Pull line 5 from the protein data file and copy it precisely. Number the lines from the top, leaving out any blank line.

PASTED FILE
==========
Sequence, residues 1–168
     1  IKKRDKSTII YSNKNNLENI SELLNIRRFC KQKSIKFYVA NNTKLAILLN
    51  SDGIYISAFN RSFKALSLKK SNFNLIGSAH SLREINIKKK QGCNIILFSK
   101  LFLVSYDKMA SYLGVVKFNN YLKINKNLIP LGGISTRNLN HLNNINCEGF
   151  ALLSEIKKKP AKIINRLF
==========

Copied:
   151  ALLSEIKKKP AKIINRLF